US Senate: Temporarily Having the Majority, Will McConnell and the GOP Actually Use It?

Let it be known up-front, I hold zero ill-will towards Sen. Ben Ray Luján (D-NM), who recently suffered a stroke and now may be absent from the US Senate for possibly upwards of six-weeks.

I wish the man well and hope for his speedy recovery.

But as London’s the Daily Mail reporter Geoff Earle notes, albeit only temporary, the GOP finds itself sitting in the catbird seat (emphasis mine_;

The Senate’s majority Democrats will have to function for more than a month without Sen. Ben Ray Luján as the New Mexico senator recovers from a stroke he suffered last week, according to a timeline put out by his office.

He plans to return to the Senate in four to six weeks, a senior aide in the 49-year-old senator’s office said Wednesday – which would be two weeks after President Joe Biden self-imposed deadline for announcing a nominee to fill the seat of retiring Supreme Court Justice Stephen Breyer.

The four to six month timeframe is barring any complications, the aide told the Associated Press.

So as things stand at this moment, the Republicans have a 50-49 majority in the upper chamber, effectively nullifying any Kamala Harris’ tiebreaking vote.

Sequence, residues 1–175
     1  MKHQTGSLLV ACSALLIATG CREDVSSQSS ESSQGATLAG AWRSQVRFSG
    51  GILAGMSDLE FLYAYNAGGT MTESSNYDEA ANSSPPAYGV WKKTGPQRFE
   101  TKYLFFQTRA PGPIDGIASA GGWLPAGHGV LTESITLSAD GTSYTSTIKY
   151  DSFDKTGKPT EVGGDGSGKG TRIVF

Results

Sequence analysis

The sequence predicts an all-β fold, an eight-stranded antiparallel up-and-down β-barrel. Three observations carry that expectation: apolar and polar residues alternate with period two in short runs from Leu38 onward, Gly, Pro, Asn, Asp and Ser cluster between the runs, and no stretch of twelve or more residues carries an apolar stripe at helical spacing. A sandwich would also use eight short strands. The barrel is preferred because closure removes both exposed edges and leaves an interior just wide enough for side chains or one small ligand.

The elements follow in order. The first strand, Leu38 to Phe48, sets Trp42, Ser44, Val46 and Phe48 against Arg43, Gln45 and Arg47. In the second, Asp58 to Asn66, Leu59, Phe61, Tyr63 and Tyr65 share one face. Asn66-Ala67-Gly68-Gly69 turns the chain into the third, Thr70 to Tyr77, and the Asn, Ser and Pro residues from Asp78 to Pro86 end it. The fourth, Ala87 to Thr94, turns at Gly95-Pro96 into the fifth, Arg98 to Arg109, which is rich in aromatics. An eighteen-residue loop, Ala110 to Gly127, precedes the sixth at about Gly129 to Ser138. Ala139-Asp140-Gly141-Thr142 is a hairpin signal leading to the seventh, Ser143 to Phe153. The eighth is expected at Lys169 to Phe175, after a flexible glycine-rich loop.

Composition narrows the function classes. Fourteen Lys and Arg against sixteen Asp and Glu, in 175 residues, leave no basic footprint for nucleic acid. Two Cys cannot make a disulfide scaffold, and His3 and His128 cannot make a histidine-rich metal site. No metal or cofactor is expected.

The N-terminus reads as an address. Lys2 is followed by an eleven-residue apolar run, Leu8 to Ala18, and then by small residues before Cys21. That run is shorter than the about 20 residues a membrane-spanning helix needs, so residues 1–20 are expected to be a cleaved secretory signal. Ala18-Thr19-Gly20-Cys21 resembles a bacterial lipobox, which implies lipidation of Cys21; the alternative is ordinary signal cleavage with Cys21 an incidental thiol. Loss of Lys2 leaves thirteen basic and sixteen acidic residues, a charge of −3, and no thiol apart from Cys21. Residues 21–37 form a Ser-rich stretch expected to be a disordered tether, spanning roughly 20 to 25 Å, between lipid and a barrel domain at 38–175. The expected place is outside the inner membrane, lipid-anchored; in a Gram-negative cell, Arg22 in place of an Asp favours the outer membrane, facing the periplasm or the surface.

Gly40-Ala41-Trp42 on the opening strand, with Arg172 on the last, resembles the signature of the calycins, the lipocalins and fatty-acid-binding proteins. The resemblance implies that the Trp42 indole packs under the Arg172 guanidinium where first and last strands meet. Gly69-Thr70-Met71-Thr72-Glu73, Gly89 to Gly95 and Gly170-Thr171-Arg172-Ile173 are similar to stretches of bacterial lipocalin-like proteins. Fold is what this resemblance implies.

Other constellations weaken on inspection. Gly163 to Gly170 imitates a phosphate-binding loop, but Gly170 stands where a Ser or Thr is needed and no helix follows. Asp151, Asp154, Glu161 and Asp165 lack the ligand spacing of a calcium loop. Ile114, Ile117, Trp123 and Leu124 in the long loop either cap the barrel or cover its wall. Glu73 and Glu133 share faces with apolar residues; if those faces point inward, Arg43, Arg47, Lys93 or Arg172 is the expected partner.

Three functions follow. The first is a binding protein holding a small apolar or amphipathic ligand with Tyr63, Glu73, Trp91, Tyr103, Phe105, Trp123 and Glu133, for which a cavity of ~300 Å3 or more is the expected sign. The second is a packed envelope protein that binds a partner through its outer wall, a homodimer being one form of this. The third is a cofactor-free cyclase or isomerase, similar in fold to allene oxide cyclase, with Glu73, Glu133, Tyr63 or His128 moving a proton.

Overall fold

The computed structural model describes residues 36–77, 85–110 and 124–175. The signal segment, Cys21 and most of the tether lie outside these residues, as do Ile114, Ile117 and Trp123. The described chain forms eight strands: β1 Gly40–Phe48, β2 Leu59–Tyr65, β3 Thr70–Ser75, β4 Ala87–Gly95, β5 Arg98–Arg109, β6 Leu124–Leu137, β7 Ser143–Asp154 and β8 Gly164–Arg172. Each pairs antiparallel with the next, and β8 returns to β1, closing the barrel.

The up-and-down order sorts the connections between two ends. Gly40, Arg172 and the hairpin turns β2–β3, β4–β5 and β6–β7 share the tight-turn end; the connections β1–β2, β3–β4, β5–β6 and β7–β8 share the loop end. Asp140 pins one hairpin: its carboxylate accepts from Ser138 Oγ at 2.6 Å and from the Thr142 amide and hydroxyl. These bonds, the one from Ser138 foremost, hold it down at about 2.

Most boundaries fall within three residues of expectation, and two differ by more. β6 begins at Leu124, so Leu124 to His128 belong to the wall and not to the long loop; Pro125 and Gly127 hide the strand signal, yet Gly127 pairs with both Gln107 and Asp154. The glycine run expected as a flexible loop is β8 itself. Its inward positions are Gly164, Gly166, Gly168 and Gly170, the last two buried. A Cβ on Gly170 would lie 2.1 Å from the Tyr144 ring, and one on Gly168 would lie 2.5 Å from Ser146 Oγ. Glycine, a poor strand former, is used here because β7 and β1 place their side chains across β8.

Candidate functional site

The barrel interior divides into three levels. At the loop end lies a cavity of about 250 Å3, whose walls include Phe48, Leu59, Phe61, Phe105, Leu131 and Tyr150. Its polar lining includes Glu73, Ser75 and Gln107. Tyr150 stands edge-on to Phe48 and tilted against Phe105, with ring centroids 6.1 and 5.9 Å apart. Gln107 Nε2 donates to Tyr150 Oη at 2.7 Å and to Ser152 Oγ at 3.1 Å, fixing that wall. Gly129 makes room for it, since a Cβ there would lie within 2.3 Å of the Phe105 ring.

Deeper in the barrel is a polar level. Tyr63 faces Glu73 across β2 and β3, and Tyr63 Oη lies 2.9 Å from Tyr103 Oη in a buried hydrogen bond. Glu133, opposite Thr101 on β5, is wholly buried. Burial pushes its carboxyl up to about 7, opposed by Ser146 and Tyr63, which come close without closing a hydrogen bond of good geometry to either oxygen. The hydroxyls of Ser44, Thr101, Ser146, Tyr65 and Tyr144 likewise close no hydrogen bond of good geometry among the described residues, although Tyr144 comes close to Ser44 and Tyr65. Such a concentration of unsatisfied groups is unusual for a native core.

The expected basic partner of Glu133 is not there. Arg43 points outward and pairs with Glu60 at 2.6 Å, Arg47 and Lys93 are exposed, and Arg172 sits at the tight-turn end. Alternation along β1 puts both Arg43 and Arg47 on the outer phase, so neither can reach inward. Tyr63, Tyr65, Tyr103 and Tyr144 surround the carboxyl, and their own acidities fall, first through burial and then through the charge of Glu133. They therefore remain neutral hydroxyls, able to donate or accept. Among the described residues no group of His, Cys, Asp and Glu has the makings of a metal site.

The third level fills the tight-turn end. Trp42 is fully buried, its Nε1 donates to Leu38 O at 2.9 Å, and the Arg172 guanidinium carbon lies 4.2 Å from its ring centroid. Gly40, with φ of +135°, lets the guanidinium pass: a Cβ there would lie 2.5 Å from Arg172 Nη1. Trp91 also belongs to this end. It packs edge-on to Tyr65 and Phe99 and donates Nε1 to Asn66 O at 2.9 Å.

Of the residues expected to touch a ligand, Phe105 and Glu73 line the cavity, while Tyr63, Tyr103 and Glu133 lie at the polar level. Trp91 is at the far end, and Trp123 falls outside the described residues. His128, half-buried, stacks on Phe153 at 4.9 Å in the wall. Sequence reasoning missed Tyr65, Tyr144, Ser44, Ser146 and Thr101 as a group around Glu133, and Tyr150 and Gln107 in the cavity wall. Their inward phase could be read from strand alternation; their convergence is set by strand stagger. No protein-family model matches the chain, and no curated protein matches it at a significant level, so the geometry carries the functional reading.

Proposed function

But what happens if Luján retires for health reasons?

According to New Mexico state law, (Chapter 1. Elections § 1-15-14) in the case of a US senate vacancy, the governor (a Democrat) can appoint a temporary senator, but for only 30 days.

Within the original date of said vacancy, the state must hold a special election within the same 30 days.

With New Mexico somewhat of a purple state, the Republicans very well could take that seat for the remainder of the year.

In the meantime, White House press secretary Jen Psaki was eventually asked about Luján’s temporary absence and what it may mean to the Biden agenda.

Just my personal opinion, but it sure seems to me that Psaki succeeded in two objectives;

  • Give a nonsensical word salad response instead of a legitimate answer

  • Essentially give the reporter short shrift, then quickly call on someone else

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